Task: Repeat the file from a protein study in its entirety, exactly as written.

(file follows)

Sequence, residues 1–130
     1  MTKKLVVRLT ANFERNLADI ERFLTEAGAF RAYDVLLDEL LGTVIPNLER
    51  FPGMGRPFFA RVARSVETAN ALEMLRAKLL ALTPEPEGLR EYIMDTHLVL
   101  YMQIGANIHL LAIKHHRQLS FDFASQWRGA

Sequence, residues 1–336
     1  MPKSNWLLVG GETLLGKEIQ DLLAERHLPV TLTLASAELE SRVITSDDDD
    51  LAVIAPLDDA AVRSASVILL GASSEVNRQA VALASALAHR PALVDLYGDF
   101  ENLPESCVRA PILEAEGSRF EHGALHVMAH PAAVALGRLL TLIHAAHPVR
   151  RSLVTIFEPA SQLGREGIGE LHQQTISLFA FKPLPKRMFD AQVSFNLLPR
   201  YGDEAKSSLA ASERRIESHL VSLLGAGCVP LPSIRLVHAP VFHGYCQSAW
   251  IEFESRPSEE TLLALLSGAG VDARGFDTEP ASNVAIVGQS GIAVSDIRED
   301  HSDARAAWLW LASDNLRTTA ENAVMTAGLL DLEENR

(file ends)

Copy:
Sequence, residues 1–130
     1  MTKKLVVRLT ANFERNLADI ERFLTEAGAF RAYDVLLDEL LGTVIPNLER
    51  FPGMGRPFFA RVARSVETAN ALEMLRAKLL ALTPEPEGLR EYIMDTHLVL
   101  YMQIGANIHL LAIKHHRQLS FDFASQWRGA

Sequence, residues 1–336
     1  MPKSNWLLVG GETLLGKEIQ DLLAERHLPV TLTLASAELE SRVITSDDDD
    51  LAVIAPLDDA AVRSASVILL GASSEVNRQA VALASALAHR PALVDLYGDF
   101  ENLPESCVRA PILEAEGSRF EHGALHVMAH PAAVALGRLL TLIHAAHPVR
   151  RSLVTIFEPA SQLGREGIGE LHQQTISLFA FKPLPKRMFD AQVSFNLLPR
   201  YGDEAKSSLA ASERRIESHL VSLLGAGCVP LPSIRLVHAP VFHGYCQSAW
   251  IEFESRPSEE TLLALLSGAG VDARGFDTEP ASNVAIVGQS GIAVSDIRED
   301  HSDARAAWLW LASDNLRTTA ENAVMTAGLL DLEENR